( a behaviouralist approach).


Already an application has been created for 'wearable health records' which connect to cloud based or electronic medical records.  It has been reported that patients may be granted access to these records and having the ability to see an examination from the doctor's perspective may be a powerful counselling tool and way of sharing health information with significant others (modification on the SAMR model).  It provides the doctor with the ability to access specific pieces of a client's health history without having to shift their visual focus away from the patient, which would allow access to the information while conducting procedures.


The issues of patient consent and maintaining appropriate privacy settings are critical from a quality of care perspective, although not reported to be a major issue in practice.


The authors note that 'device value needs to be taught... "  This is true of the take up of any new technology by educators.  There are also issues of social and professional etiquette - for instance that surgeons not stream score updates from the rugby world cup to Google Glass while operating…..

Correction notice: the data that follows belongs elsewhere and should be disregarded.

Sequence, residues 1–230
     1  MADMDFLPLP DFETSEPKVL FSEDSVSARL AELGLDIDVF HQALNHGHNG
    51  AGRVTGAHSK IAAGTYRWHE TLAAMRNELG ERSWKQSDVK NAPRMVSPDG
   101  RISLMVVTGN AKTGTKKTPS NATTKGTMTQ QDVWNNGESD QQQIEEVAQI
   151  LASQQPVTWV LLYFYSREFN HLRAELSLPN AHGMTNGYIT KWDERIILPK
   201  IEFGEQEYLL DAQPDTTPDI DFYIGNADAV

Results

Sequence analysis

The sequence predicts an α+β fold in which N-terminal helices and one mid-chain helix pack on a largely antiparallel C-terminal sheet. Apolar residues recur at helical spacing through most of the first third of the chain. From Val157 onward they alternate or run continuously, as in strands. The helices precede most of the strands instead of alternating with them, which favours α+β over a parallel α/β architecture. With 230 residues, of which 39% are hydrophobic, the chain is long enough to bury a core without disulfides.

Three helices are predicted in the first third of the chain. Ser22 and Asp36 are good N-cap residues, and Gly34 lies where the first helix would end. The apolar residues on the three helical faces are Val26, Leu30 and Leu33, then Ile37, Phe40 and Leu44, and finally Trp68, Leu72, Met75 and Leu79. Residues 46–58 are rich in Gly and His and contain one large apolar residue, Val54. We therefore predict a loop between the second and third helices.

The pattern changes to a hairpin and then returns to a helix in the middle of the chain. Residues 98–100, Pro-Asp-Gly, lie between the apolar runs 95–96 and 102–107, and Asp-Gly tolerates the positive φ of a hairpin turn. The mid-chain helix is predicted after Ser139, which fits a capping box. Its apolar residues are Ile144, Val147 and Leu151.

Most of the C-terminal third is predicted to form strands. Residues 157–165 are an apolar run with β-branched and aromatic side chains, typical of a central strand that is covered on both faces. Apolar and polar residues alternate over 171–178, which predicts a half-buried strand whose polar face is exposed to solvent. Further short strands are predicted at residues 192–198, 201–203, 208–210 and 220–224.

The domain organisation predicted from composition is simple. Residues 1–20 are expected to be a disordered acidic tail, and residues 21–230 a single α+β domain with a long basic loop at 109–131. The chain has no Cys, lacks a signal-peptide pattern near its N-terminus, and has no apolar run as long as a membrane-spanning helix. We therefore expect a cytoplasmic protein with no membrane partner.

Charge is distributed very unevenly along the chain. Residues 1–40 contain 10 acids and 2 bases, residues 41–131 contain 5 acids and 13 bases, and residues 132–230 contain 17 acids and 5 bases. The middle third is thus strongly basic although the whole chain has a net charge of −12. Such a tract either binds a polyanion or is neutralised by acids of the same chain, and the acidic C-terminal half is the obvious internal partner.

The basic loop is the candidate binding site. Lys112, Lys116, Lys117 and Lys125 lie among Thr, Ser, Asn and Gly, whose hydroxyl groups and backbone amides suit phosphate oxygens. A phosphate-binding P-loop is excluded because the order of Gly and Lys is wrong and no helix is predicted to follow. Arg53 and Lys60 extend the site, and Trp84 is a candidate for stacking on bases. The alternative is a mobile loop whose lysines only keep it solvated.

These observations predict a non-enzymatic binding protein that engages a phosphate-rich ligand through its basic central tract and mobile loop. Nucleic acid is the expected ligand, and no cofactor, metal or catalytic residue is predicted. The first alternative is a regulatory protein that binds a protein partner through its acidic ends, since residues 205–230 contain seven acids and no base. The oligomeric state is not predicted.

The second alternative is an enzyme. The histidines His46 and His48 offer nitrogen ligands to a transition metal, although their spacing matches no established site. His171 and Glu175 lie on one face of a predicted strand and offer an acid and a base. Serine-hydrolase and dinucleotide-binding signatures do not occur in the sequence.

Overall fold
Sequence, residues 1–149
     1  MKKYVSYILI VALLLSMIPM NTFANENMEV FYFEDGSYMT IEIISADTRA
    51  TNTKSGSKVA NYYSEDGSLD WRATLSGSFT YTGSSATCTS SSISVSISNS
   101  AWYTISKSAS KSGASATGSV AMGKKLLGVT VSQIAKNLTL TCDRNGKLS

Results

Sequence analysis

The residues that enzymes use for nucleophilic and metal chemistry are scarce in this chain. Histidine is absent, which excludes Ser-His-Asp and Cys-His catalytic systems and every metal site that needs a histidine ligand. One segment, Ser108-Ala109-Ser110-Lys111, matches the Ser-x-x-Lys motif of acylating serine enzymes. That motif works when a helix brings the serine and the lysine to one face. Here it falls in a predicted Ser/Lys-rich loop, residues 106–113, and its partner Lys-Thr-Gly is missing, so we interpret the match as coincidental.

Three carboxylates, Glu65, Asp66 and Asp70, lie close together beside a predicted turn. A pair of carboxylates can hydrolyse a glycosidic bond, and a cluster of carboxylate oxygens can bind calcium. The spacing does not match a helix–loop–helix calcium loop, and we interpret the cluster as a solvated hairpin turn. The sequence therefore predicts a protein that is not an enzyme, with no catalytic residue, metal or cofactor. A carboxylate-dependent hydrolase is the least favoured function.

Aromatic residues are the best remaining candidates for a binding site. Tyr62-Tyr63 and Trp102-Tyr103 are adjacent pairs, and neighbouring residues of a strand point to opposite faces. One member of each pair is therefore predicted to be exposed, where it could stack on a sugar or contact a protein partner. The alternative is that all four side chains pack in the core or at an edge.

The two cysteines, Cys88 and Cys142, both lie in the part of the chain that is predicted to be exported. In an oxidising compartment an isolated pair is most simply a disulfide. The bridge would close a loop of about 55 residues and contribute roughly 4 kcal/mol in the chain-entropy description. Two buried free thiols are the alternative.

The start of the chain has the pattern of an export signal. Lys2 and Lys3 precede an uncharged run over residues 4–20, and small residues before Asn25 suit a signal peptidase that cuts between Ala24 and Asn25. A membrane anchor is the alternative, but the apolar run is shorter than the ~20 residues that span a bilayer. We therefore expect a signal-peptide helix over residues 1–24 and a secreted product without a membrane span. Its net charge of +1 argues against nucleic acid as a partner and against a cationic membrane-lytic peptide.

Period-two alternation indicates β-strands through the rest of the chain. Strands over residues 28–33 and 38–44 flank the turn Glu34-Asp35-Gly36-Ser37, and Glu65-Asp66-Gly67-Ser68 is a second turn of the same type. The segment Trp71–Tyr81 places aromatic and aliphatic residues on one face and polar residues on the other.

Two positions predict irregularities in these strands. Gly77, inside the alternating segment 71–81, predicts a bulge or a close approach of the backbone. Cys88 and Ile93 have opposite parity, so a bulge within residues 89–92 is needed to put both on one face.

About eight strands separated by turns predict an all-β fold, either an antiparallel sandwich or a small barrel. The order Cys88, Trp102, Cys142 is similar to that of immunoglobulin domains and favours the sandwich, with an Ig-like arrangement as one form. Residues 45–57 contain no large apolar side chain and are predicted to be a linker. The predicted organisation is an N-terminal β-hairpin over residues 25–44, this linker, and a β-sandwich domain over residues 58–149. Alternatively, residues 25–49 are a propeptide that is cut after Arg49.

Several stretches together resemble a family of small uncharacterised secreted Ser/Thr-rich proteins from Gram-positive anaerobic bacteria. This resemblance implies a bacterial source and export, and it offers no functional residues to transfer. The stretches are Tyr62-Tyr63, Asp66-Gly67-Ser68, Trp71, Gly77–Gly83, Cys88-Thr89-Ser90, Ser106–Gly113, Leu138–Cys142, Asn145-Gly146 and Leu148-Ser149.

Due to the limitations of its voice operated interface, in situations where the handsfree function is not critical, it may often be used in combination with a mobile phone. Linking to a mobile phone is also necessary to allow any GPS enabled functions - for example if a student was wearing Google Glass while observing a consultation  and they wished to access demographic data or data on the incidence of specific diseases.


I consider there to be affordances to support constructivist learning.  There are many ways of augmenting documents and data access, but also the potential for redefinition, with learners constructing and sharing their learning experience.


This positive view of Google Glass in the medical setting is in direct contrast to media reports of a strong negative perception amongst parts of the general community.   In fact some social commentators have suggested that one of the affordances of Google Glass is to be punched in the face by a total stranger while walking down the street, and the creation of the term 'glass holes'.  In a world where privacy is rapidly becoming a thing of the past, it appears that for some, Google Glass is just too conspicuous a reminder that digital natives are as much creators of media as consumers of media - and that all those caught in their field of vision may become involuntary participants.